FIGS. 1A and 1B show a burner 1 configured for a gaseous fuel such as hydrogen (H2), natural gas (CH4), coke oven gas (COG) or medium calorific value (MCV) fuel, for example. The burner 1 includes a fuel supplier 2 having a central fuel supply passage 3 with a circular fuel supply nozzle 4 of exit diameter d. The fuel nozzle is formed by a tapered front end 5 of the fuel supplier 2, which projects coaxially into the mouth of a frusto-conical convergent air supply nozzle 12. Air nozzle 12 receives air from air chamber 6 and tapers towards a circular exit 8 of diameter D, several times larger than fuel nozzle exit diameter d. The air nozzle exit 8 also defines the exit of the burner 1 as a whole, and opens into the interior of a combustion chamber 7. The fuel that exits from fuel nozzle 4 is burnt as a small, relatively cool diffusion flame within the combustion chamber.

An annular passage 14 is defined between the inner surface 10 of the convergent air passage 12 and the tapered front end 5 of the fuel supplier 2. The annular passage is in fact a venturi with a throat at dotted line T. The velocity of the air stream increases as it flows through the passage 14 because of the venturi effect, the air flow through the burner being represented in FIG. 1A by the bold arrows. It is assumed here that the flow of air through air nozzle 12 is subsonic, but if supersonic or hypersonic air flow is desired in particular circumstances, the dimensions and configuration of the venturi arrangement will be varied accordingly, as is well known in the science of aerodynamics.

The shape of the convergent air nozzle portion 12, and in particular its radiused leading (i.e. upstream) edge 12a and its frusto-conical surface, can be selected to avoid any, or any excessive, turbulence as the air flows through the passage 14 and out of the nozzle exit 8. The tapered part 5 of the fuel nozzle 4 can also be designed to avoid turbulence and in the present case is tapered like the frustum of a cone. As shown, the upstream edge 12a of the air nozzle 12 is roughly axially aligned with a mid-portion of the tapered part 5 of the fuel nozzle 4. However, the exact amount by which the externally tapered fuel nozzle 4 projects into the internally tapered air nozzle 12 may vary upwards from zero and will depend upon the amount of flow constriction it is desired to create in the venturi, and where it is desired that the venturi throat T should be located. These will in turn depend on the type of fuel it is desired to burn, pressure differentials across the burner, and other factors. Computer-aided analysis or trial-and-error can determine such matters.

It is emphasised that the burner 1 of FIGS. 1A and 1B is intended to produce only a small diffusion flame. To produce sufficient heat and combustion products to drive a large gas turbine, it is necessary to group a number of such burners together. FIG. 2 shows part of an array or matrix of burners, each burner being like that of FIG. 1. Such an array could, for example, extend around the head (upstream wall) of an annular combustion chamber. As illustrated in FIG. 3, separate groups 16 of burners 1 could be equi-angularly spaced around the head 18 of an annular combustor, the inner and outer circumferences of the upstream wall being bounded by longitudinally extending inner and outer side walls 20, 22. Such groups 16 of burners could also be used in a retrofit procedure to replace existing types of burners in an annular combustor. Furthermore, such separate groups of burners could be used in separate combustor cans (preferably, one group per can) and could also be used in a retrofit procedure to replace existing types of burners in such cans.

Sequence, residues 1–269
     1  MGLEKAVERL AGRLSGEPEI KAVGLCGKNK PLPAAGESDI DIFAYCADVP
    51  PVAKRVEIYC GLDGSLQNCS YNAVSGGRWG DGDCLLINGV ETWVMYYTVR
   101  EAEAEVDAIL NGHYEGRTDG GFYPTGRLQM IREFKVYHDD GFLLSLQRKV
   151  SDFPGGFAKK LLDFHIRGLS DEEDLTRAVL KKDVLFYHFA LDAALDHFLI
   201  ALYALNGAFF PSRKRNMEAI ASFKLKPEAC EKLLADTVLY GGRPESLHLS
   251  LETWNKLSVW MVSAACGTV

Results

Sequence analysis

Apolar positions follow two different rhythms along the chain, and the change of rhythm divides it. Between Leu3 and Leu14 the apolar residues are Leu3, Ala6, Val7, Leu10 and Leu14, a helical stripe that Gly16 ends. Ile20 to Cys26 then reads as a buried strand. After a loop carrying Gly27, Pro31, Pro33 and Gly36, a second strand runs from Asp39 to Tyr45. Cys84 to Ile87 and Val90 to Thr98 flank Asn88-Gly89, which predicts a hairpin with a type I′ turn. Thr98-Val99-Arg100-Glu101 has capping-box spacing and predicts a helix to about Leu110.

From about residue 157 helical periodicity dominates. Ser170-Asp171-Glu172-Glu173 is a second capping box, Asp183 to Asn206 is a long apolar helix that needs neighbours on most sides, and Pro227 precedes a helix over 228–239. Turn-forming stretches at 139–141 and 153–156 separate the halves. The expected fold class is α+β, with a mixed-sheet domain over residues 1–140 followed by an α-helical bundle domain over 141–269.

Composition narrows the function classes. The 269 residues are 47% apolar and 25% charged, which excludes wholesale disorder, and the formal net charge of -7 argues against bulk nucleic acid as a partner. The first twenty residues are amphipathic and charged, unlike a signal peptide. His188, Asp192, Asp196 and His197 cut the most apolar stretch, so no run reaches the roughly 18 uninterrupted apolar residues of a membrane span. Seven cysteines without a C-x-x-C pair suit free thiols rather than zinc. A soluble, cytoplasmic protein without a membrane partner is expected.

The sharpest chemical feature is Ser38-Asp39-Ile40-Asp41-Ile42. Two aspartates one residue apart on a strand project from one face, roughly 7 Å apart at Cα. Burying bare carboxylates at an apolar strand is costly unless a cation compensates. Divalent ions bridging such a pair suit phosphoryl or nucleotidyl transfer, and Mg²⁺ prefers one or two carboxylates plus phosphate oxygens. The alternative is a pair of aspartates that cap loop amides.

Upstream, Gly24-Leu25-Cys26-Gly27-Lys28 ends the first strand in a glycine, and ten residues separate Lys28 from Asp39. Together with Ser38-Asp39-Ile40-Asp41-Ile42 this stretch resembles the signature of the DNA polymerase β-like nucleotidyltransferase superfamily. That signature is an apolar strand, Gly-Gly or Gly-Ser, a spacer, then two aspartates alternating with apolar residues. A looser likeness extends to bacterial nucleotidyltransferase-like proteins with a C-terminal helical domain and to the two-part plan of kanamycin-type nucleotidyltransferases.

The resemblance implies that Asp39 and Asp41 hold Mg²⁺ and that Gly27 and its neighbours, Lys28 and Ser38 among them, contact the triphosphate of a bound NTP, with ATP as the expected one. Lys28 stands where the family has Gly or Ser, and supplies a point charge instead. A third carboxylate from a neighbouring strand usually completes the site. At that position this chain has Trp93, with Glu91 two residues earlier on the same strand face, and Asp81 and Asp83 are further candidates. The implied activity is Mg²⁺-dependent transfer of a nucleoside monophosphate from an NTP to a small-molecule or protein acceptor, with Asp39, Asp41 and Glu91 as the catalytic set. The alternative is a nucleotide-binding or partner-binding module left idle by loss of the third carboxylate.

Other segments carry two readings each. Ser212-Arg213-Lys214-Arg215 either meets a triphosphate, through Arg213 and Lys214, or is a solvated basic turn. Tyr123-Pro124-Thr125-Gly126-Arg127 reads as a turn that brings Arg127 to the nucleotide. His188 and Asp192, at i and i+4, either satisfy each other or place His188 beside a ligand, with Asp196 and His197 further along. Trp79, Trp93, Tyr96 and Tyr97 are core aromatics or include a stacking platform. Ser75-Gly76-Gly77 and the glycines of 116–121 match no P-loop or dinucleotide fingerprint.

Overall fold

It should also be noted that the present invention can be used in gas turbines equipped with sequential or reheat combustion systems, in either or both of the combustors.

The gaseous fuel for each burner 1 is supplied from a fuel source (not shown) along the central passage 3 of the fuel supplier 2 at a predetermined flow rate. At the same time, combustion air is supplied into air chamber 6 from an air source (not shown, but which in a gas turbine engine would be its high pressure compressor). The combustion air will flow through the air nozzle 12 at a flow rate determined by the pressure difference between air chamber 6 and combustion chamber 7, the air velocity past the fuel nozzle 4 being increased by the venturi effect, as mentioned above.

The relative values of the delivery pressures of the fuel and the air and the pressure in the combustion chamber have an influence on correct functioning of the invention. If the air delivery pressure is Pa and the pressure in the combustion chamber is Pc, the pressure difference Pa-Pc necessary to deliver air into the combustion chamber may be termed δpair. Similarly, if the fuel delivery pressure is Pf, the pressure difference Pf-Pc necessary to deliver fuel into the combustion chamber may be termed δpfuel. At present it is believed that the ratio δpfuel to δpair should be less than one (δpfuel/δpair<1). The pressure differences δpair and δpfuel will be of the order of 4% to 5% of the air delivery pressure Pa and the fuel delivery pressure Pf, respectively. In a gas turbine engine, the air stream will be provided at the delivery pressure of the final stage of the associated compressor and the fuel must obviously be delivered at a similar pressure. Such pressures may be in the range of roughly 5 bar to roughly 30 bar.